Cyber Liability Insurance
2013 Black Friday shoppers got a nasty shock when their Target purchases spoiled their holiday spirit via a massive data breach. However, the December 2013 data breach didn’t just squander the holiday spirit; it cost Target shareholders $148 million, a CEO and a large amount of consumer trust. Although Target’s earnings have dropped since then, the superstore will receive $38 million of insurance payout on the data breach from their cyber insurance policy, a kind of specialty insurance surging in the marketplace today. While the policy will aid in the financial loss, the retailer also has to worry about its reputation with consumers, as the breach comprised the personal information and credit and debit card accounts of as many as 110 million customers.
A year later and Target now stands among a handful of brands that have fallen to the PR and financial crisis that is a massive data breach. According to a report by the Ponemon Institute, an independent research firm for privacy, data protection and information security issues, 43% of companies experienced a data breach in the past year, which is up 10% from year before. Specialty insurance covers items or situations that are special or unique. In 2013, the total global losses due to cybercrime amounted to $445 billion, and the increasing rates of cybercrime have pushed the market for cyber liability insurance to grow rapidly. In the U.S., the market capacity for cyber liability insurance could reach up to $2 billion by the end of 2014, as companies try to protect themselves from the financial and reputational damages data breaches can have.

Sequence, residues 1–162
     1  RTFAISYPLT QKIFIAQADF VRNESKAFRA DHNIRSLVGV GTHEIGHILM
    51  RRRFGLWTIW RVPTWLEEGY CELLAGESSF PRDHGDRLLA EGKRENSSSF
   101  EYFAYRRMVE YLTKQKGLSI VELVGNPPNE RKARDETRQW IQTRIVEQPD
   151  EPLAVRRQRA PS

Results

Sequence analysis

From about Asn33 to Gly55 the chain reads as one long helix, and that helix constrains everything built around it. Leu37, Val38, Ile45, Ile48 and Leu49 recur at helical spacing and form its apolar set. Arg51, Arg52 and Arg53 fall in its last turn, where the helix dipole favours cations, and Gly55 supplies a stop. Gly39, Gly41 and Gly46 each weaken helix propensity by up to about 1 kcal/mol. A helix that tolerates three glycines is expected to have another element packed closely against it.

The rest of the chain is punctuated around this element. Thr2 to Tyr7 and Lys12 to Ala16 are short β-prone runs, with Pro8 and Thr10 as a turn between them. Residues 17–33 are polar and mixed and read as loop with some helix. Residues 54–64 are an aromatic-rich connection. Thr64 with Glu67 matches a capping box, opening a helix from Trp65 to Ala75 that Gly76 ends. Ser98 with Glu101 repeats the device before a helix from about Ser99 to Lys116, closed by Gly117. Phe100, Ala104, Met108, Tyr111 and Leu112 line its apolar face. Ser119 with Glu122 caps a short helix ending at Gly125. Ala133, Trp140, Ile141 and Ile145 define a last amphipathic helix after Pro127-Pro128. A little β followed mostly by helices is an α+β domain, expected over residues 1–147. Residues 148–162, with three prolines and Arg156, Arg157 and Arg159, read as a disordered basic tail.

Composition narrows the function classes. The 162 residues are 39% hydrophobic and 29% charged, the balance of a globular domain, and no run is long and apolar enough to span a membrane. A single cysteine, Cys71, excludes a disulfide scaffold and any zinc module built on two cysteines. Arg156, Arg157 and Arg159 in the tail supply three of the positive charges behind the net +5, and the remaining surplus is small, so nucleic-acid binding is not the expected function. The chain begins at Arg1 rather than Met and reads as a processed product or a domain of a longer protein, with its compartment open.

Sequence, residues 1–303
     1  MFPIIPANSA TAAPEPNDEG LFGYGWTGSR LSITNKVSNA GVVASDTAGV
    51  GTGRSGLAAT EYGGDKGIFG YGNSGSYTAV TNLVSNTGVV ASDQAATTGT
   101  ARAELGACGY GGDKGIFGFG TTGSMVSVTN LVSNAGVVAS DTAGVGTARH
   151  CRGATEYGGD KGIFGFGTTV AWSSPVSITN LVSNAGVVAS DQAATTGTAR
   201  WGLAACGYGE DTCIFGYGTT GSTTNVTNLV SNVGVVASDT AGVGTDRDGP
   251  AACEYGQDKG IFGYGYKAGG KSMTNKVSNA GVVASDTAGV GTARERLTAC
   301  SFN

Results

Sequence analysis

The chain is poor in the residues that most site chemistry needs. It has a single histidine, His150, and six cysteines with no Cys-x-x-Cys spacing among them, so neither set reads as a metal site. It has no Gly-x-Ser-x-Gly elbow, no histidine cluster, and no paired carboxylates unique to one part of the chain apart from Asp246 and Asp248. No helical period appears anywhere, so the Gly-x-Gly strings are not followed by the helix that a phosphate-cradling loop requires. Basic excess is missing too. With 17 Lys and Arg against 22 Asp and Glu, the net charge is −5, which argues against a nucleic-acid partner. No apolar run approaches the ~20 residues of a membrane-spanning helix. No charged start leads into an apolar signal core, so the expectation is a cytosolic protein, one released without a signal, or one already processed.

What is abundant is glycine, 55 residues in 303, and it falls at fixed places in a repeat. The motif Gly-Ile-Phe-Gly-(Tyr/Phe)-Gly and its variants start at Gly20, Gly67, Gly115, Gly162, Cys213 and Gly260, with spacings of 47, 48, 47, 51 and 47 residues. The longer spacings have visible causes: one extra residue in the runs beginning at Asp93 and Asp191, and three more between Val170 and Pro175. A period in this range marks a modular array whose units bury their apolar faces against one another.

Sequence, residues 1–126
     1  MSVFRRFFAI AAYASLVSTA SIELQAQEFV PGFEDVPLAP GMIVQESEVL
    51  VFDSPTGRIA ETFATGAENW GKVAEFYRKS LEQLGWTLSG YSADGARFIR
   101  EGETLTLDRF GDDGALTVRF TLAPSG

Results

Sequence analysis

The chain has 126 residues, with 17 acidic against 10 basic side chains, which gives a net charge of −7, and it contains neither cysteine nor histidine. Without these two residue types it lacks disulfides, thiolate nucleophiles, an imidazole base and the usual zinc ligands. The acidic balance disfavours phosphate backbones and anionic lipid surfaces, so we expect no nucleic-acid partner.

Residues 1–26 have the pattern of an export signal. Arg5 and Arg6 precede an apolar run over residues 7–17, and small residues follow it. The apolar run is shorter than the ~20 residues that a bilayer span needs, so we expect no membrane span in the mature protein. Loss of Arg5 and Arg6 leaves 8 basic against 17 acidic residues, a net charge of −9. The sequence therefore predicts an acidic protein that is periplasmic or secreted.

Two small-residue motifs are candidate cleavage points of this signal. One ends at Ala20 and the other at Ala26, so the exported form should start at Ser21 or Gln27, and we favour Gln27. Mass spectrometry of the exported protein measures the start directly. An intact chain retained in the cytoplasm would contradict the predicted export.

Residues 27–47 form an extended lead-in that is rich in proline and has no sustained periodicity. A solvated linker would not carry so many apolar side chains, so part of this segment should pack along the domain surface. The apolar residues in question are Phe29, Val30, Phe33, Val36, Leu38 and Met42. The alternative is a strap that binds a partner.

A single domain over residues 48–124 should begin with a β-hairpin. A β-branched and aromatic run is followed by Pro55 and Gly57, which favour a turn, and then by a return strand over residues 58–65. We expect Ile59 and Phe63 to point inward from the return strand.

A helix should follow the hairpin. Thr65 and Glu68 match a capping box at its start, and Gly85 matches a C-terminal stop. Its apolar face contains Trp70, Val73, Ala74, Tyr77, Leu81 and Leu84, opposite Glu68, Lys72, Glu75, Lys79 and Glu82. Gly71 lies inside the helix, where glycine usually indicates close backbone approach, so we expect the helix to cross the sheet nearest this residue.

While cyber liability insurance stands as an obvious choice for large corporations, small businesses also benefit from this investment, since any company that has a website, uses social media or digitally stores customers’ personal records is at risk for a data breach. And while Target’s reputation suffered in the public eye, imagine if specialty insurance had not been in place. Even if a company chooses not to host data and uses a cloud provider instead, they are still legally responsible if a cyber attack occurs. Policy coverage can vary widely but will typically cover the cost of any necessary legal fees and money to cover losses, similar to other insurance policies. However, cyber liability insurance policies can do much more, such as covering the cost of notifying customers about the breach, social media liability and even crisis management.
The resulting financial losses of a data breach can be substantial, but a cyber attack can be just as harmful to a company’s reputation. Cyber liability insurance often pays for the loss of future sales that result from consumers switching to a competing company or brand. In addition, policies can cover the cost of hiring a public relations firm to assist in restoring consumer trust. Rebuilding a brand’s reputation after a breach can be complex, and PR agencies can assist in creating a coordinated response to win back consumers.
“The cyber threats that face businesses today are more sophisticated than ever, and the losses following a data breach can be catastrophic,” says George L. San Jose, President COO of The San Jose Group. “Cyber liability insurance is a valuable investment, but is most effective when it’s coupled with strategic PR plan to combat the negative press that accompanies a data breach.”